Building a WinPE image that supports your hardware

In order to make the process of provisioning Windows as painless as possible, Joe Callen (@jcpowermac) created a simple PowerShell script that can be used (on a Windows machine) to build a WinPE image that is suitable for use with your hardware. Drivers for specific networking and storage devices are typically needed to successfully iPXE-boot a node and install an OS instance on bare-metal hardware, and in the case of Windows the drivers for these networking and storage devices must be included as part of the WinPE image that is used to drive the installation process.

Do keep in mind, however, that our goal here is to make the resulting WinPE image as generic as possible so that it can be easily reused with all of your hardware. Rather than embedding a lot of model-specific logic into the WinPE image, we’ve worked quite hard to define a few custom PowerShell scripts that can be used to download appropriate versions of the key files/scripts directly from Hanlon (with appropriate values filled in based on the active_model instance that was bound to the current node). I’ll avoid going into the specifics here; Joe has provided a much more complete discussion of this process in his recent blog post, which is available here.

Loading a Windows ISO into Hanlon

As was mentioned earlier, the structure of a Windows ISO is quite different from the structure of the typical Linux/Hypervisor ISO. The biggest difference is that while the typical Linux/Hypervisor ISO contains a single image, a Windows ISO actually contains a number of different Windows images packaged up into a single install.wim file. This difference in structure shows up in the way that an automated install of Windows actually works. As part of the “autounattend” file you present to the Windows installer, you have to specify not only the location of the install.wim file to use for the install but also the WIM Index of the image in that file that you wish to use for the install.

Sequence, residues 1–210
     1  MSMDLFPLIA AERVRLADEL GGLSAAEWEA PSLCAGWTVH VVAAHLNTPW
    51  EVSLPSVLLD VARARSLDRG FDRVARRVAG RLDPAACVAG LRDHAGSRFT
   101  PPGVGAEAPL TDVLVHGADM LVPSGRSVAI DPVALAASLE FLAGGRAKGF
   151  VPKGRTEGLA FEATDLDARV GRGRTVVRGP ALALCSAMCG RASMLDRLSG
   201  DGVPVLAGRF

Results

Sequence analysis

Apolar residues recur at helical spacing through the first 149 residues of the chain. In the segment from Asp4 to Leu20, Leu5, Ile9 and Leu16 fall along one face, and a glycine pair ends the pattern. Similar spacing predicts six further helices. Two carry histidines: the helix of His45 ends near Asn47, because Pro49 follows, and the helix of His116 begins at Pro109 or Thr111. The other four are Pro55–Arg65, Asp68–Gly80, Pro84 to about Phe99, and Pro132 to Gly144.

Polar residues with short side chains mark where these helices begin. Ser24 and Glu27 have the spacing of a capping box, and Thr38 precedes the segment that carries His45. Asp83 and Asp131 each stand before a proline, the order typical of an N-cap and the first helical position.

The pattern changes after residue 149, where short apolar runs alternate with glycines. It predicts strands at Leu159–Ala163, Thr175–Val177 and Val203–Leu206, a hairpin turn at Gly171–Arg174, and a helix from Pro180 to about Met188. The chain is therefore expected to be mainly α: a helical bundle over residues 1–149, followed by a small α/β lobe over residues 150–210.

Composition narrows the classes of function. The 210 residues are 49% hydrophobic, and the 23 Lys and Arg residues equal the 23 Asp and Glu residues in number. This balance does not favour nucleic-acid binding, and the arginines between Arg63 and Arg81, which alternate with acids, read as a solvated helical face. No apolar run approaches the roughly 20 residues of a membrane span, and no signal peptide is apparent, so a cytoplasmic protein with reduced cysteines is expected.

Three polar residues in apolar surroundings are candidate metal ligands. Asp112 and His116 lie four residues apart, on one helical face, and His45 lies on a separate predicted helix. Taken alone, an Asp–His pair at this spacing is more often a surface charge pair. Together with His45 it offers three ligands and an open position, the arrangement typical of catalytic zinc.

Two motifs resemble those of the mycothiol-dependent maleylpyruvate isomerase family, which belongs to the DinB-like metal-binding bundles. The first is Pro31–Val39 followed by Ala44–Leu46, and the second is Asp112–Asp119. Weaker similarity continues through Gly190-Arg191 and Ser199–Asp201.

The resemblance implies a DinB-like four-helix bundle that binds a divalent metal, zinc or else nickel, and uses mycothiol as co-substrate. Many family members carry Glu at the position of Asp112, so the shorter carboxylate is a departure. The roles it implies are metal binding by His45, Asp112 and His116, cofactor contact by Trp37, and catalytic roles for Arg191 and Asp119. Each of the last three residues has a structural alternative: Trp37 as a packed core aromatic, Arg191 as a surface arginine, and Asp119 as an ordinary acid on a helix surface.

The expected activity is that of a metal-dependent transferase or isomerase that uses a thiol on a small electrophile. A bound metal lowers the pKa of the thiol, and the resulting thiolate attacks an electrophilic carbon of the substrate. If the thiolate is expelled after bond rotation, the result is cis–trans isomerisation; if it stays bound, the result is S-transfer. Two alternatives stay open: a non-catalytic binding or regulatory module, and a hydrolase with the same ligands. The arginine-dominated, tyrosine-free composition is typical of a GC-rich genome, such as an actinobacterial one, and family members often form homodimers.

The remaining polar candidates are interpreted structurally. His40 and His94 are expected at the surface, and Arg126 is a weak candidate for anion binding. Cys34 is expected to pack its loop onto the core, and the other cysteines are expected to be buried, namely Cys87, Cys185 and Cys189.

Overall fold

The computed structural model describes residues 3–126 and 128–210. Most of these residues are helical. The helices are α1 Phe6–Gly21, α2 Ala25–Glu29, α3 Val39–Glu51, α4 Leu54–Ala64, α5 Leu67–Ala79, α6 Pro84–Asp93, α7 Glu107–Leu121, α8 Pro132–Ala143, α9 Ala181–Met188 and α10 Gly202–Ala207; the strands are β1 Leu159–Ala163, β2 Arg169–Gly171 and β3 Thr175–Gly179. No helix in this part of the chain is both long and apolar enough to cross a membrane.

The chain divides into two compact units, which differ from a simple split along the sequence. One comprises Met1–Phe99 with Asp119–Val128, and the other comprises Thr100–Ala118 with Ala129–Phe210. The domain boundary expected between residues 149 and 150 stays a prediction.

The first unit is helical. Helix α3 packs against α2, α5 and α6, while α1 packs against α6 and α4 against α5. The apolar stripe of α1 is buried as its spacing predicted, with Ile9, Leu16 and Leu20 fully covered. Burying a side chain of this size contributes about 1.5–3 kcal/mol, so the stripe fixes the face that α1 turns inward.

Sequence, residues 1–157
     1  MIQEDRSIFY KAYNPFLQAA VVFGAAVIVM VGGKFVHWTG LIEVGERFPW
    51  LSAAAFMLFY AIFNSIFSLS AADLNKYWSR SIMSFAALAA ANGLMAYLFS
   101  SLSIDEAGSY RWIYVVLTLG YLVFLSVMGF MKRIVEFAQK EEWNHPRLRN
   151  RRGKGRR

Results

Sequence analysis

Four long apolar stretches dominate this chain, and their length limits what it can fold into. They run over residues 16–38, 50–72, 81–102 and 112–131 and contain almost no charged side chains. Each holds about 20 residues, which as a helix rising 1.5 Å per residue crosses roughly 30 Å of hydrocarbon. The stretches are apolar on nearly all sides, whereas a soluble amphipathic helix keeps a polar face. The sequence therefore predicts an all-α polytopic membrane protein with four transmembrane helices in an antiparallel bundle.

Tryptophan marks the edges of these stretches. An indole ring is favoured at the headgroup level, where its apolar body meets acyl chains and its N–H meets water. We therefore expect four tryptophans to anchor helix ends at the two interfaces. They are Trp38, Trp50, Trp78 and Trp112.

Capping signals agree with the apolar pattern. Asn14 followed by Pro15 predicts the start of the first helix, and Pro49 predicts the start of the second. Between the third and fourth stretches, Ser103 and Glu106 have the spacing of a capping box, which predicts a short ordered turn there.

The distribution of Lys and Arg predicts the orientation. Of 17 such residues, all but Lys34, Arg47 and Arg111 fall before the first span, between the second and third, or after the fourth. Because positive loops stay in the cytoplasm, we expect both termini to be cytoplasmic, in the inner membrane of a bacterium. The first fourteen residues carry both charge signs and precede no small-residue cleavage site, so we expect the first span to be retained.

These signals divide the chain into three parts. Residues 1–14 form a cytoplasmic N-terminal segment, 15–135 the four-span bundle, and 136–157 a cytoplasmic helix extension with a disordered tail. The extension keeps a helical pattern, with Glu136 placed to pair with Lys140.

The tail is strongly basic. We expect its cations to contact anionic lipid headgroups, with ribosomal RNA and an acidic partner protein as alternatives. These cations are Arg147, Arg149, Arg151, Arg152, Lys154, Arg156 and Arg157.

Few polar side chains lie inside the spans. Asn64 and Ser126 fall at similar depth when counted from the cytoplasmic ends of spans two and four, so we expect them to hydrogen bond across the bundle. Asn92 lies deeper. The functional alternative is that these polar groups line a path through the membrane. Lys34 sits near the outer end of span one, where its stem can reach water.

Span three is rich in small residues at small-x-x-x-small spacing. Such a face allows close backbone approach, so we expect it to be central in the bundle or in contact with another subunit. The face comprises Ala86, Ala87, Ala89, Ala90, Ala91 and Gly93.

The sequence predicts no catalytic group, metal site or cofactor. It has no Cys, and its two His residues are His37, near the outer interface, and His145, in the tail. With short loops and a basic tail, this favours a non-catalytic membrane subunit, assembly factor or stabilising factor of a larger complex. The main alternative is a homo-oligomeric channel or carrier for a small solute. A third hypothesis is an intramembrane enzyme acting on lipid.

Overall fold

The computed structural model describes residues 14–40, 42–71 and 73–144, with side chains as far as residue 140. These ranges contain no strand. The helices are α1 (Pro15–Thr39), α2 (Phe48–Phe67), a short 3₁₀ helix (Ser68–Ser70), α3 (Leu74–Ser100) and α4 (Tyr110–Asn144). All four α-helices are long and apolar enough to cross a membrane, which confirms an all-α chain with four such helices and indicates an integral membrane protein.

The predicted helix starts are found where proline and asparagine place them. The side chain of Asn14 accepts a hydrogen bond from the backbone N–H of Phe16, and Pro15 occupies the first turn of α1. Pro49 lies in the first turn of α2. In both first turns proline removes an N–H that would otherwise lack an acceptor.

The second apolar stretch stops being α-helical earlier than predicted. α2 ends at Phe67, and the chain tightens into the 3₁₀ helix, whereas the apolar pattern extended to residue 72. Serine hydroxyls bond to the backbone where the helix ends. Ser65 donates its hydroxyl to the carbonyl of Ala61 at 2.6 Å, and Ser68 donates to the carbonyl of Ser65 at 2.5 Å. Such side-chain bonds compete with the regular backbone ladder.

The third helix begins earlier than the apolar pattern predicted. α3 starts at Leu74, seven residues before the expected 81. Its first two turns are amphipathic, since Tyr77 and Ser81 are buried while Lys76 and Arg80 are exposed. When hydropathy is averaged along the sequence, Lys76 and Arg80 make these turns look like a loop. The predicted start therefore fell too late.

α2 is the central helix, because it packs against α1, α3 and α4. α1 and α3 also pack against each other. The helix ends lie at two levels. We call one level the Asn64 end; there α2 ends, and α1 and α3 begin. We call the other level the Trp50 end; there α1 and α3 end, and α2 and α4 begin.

So what does all of this mean for our image slice under Hanlon? To put it quite simply, we’ve had to make a significant change to how Hanlon handles images in order to support loading of Windows ISOs by the image slice. Specifically, the process of adding a single Windows ISO to Hanlon has the effect of creating multiple (linked) Hanlon images, a concept that was not needed for any of the Linux/Hypervisor ISOs that were already supported by Hanlon.

In order to minimize the space that the ‘unpacked’ ISO takes on disk, we maintained the requirement that each ISO would create a single directory on disk (containing the contents of that ISO). What had to change to support Windows was to add the concept of multiple, linked image objects in Hanlon (each of which is linked to a single base image that actually maps to the underlying directory created during the image add process). This base image then becomes a ‘hidden’ image (one that cannot be seen or used), and it is this base image that is actually used by any of the linked images in order to access resources that are associated with these images (like the install.wim file).